As we all know, misogyny is still very much alive and well, and there is no clearer illustration of it than society's treatment of female celebrities. Take, for example, the legend that is Swedish TV personality Ulrika Jonsson, who has faced decades of attacks from the media regarding her personal life. So guys, it's time we talked about why bashing Ulrika Jonsson is totally messed up.
Jonsson's recent announcement regarding the unfortunate dissolution of her relationship has received a lot of unpleasant and unnecessary commentary. During a time of great emotional distress for her, her former partner, and her children, the press' focus is on her former relationships and the fathers of her children.
Sadly, this rhetoric, which has basically branded Jonsson as promiscuous women and/or a failure owing to her personal life, has followed her around for quite some time. In a manner that is not only sexist but quite frankly archaic and unacceptable.
Jonsson happens to be going through her third divorce, which I am sure is absolutely not what she had planned for, but it's what has happened. Speaking to Best magazine, the star said: "If I'm honest, getting another divorce aged 51 is not where I thought I would be, so who knows?"
Jonsson has had an incredibly successful career ever since she got involved in the British TV industry back in the early '90s. She began her on-screen life as TV-am weather girl and went on to become a host on Gladiators as well as a panellist on Shooting Stars and multiple other TV shows.
Jonsson always been pretty open about her personal life. The TV star recently opened up about her mental health struggles and the experience of going through menopause, which sadly remains taboo in our society. Jonsson's openness about a period of life that makes many women feel invisible is truly inspirational. So why isn't that the headline news when it comes to Jonsson?
And mental health is not the only thing Jonsson is honest and open about. She is also proudly sex positive, and has been involved in opening up dialogues about sex between parents and their children. The star recently appeared on Lorraine with her daughter Martha to discuss the importance of speaking honestly with your children about sex and of being involved in sex education. This kind of thing is more important now than ever, because we live in an age where children's idea of what sex is often comes solely from unrealistic pornographic sources. In 2019, sex education is vital.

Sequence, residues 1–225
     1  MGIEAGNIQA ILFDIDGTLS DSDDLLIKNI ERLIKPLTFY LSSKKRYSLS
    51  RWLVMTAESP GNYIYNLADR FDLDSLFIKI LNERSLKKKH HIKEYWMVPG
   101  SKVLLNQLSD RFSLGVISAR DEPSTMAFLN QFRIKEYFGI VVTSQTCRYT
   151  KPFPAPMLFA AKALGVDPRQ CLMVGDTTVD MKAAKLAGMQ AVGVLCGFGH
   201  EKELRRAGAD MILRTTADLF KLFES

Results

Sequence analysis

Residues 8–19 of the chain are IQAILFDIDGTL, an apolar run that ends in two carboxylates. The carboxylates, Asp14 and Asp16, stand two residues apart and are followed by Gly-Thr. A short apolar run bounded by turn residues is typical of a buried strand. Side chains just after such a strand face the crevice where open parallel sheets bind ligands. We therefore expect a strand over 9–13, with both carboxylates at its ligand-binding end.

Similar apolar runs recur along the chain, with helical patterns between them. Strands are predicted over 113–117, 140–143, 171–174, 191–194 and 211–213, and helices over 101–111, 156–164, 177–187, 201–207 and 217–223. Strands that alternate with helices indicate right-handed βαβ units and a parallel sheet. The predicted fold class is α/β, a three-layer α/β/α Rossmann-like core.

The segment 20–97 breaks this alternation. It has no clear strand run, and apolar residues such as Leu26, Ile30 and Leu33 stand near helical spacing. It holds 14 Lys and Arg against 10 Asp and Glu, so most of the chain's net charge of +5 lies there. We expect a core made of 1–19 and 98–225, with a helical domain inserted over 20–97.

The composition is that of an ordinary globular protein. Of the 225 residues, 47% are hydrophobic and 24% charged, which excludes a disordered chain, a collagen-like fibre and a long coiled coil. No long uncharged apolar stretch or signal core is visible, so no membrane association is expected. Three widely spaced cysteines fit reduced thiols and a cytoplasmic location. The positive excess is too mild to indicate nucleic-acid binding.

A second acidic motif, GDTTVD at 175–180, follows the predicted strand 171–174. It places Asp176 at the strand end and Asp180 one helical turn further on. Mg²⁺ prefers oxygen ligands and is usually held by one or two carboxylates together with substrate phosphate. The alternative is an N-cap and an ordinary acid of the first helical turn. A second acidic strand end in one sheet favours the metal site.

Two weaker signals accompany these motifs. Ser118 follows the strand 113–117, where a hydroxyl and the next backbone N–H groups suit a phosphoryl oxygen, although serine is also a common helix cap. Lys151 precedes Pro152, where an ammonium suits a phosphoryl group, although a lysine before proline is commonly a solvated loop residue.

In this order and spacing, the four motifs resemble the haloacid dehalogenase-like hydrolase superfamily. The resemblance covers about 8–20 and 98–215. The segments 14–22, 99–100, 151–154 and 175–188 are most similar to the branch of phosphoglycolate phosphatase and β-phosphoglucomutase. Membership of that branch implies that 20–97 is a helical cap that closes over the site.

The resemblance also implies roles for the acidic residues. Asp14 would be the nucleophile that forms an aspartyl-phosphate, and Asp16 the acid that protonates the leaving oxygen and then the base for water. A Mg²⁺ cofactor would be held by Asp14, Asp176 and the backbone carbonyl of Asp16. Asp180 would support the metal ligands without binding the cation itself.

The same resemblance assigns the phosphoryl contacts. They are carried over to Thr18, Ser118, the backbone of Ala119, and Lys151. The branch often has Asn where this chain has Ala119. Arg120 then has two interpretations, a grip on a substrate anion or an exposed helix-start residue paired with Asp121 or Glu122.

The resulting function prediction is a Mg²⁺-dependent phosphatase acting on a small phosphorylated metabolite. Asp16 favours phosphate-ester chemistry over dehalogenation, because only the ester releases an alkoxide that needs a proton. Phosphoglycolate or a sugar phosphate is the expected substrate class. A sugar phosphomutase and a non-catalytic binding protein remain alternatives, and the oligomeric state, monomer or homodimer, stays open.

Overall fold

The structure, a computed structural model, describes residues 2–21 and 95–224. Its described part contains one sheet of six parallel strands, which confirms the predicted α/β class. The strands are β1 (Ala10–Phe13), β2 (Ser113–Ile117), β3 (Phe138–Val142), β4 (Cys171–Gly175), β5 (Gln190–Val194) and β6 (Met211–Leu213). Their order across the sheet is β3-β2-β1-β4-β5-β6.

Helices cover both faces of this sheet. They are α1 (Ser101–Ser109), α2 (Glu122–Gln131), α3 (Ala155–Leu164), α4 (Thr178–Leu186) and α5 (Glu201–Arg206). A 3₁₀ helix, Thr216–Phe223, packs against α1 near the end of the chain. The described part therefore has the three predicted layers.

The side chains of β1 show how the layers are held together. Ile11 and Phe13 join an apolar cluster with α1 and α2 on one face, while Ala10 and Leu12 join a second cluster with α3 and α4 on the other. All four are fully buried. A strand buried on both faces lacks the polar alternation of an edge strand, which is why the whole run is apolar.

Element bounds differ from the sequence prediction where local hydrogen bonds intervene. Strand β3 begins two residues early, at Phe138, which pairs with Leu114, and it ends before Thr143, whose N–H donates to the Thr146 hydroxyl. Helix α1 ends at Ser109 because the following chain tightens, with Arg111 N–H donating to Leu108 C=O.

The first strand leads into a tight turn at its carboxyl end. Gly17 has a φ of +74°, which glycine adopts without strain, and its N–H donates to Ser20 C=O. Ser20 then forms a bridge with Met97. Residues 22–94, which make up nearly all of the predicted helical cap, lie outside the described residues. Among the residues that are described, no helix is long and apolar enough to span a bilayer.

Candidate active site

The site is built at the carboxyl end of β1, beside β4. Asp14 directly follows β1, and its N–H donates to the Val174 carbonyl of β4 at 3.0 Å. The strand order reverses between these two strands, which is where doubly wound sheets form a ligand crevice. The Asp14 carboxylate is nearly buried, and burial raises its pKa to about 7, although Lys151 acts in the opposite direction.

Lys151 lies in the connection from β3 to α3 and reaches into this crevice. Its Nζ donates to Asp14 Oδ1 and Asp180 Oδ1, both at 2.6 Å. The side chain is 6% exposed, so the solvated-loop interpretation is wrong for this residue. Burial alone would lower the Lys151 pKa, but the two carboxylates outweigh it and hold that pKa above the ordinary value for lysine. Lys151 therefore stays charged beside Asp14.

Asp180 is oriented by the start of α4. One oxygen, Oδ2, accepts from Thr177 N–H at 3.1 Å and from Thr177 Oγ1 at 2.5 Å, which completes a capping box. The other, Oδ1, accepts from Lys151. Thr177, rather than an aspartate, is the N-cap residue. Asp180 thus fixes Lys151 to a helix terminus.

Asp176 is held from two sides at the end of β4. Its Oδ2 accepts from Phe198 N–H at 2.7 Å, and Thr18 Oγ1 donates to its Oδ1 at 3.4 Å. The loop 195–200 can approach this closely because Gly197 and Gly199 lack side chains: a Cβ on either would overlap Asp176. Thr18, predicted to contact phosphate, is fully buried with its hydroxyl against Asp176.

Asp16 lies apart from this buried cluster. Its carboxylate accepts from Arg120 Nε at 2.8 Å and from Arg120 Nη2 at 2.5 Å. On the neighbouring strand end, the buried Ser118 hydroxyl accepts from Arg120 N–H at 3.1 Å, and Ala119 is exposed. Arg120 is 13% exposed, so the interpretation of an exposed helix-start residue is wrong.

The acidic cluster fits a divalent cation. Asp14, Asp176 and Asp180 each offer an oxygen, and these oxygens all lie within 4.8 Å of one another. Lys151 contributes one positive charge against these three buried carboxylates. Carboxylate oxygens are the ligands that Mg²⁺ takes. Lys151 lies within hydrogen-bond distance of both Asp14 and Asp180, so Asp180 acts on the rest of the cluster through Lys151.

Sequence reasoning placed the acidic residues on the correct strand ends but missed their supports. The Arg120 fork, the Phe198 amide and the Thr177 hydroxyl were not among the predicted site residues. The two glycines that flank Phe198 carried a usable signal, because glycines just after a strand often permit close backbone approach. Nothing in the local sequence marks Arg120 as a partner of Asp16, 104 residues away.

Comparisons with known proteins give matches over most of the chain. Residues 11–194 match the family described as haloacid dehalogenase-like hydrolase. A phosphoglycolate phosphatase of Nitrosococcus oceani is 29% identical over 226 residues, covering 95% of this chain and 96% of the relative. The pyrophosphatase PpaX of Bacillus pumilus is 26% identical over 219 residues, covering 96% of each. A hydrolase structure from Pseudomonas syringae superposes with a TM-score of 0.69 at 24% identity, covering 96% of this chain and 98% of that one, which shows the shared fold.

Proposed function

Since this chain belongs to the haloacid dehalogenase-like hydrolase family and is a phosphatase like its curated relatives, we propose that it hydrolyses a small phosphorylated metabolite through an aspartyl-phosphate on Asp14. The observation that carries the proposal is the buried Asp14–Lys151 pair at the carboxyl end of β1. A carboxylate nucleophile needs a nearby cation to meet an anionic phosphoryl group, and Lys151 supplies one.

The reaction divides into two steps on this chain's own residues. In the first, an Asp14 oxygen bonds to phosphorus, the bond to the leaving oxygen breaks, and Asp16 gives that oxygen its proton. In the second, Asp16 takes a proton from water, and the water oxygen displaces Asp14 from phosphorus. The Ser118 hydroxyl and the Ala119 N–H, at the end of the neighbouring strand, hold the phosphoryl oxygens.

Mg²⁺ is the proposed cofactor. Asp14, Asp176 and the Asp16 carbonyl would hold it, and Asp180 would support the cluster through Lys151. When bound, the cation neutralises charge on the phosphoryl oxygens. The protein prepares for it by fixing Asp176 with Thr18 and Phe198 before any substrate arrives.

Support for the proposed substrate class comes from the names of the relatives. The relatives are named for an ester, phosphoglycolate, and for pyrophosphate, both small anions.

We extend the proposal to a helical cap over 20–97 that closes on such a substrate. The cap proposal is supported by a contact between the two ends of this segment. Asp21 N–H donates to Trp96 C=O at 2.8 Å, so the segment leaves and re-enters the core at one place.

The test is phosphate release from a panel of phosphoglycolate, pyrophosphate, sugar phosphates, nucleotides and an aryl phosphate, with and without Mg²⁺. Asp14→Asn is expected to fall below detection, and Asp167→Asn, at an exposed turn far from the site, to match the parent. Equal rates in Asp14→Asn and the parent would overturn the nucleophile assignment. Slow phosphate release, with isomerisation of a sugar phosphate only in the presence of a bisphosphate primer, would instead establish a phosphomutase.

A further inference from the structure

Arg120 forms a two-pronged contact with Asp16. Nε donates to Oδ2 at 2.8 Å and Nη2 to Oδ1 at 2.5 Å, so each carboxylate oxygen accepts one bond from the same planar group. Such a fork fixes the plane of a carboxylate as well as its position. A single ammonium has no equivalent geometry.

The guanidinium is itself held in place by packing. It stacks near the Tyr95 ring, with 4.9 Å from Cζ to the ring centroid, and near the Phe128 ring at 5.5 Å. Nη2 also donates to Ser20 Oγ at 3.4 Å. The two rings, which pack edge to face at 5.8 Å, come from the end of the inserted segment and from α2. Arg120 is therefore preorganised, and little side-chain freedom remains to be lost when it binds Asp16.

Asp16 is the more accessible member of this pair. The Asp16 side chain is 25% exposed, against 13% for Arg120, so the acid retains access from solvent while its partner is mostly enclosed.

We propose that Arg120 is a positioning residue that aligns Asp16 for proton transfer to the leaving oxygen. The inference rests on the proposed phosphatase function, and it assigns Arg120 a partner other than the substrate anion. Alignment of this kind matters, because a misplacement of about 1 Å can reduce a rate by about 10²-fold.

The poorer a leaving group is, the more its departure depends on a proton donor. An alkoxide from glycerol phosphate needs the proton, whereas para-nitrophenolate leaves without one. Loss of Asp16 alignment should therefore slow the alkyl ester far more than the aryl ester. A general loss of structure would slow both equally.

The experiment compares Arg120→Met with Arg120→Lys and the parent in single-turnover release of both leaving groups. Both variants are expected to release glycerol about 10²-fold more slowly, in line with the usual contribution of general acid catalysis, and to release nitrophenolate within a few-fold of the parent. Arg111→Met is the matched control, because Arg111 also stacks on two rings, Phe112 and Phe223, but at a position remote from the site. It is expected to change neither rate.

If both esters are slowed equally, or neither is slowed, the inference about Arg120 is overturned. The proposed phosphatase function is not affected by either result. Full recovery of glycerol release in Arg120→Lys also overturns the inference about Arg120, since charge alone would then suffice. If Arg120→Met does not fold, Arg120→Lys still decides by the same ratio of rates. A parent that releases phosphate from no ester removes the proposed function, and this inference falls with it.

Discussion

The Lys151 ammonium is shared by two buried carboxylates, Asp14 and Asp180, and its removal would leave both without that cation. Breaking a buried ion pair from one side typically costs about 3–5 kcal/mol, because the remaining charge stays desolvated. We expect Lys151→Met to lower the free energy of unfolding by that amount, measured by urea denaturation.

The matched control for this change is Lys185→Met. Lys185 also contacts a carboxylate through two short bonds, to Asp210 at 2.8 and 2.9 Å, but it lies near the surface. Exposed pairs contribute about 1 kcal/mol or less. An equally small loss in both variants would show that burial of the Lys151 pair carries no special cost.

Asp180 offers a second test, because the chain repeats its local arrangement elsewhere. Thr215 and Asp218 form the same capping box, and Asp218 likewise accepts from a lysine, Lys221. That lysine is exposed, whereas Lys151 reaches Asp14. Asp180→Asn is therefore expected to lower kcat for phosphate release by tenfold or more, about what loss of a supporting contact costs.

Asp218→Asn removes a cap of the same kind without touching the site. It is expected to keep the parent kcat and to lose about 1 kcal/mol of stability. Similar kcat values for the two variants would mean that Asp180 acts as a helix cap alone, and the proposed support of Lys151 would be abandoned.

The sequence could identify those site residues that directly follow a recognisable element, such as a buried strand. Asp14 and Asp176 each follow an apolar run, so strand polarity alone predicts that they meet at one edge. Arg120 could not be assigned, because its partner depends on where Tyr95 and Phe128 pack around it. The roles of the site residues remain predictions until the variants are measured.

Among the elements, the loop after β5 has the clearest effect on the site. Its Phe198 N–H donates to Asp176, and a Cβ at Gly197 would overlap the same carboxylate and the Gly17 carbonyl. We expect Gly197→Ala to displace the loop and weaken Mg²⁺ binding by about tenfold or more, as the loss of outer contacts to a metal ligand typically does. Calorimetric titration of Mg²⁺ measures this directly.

So, what's the deal here? Why are Jonsson's previous relationships being deemed more newsworthy than the amazing work she has been doing of late? The brave, feminist, righteous moves she has been making, despite previous flagrant sexist, sex-shaming coverage from media outlets? Well, TBH, sadly shaming a woman sells more papers than celebrating her, and nearly every article I read about Jonsson ending her relationship with her ex included monickers that I don't believe deserve repeating.
In 2010, Jonsson herself spoke out about the unfairness of the way she has been treated in regards to her past relationships. Writing for the Daily Mail, Jonsson said:
"Now my young son, Malcolm, is about to turn two and many cruel jokes and jibes later I am still questioning why my domestic situation has been the subject of so much vitriol and disapproval. After all, plenty of men — many of them famous — father children by a host of different women, and they are treated like loveable, if randy, old goats. But women like me, whose romantic dreams may have fallen apart — but who work ferociously hard to provide stable loving homes for their offspring — are vilified.
So, instead of vilifying Jonsson, let's celebrate her. Not only for being outspoken about women's health, mental health, and the importance of sex education, but for continuing her hard work despite flack from many sources. History will remember her as it does many other women who were shamed during their career and their lifetime for being outspoken: as a strong, pioneering individual. So here's to you Ulrika — keep up the good work.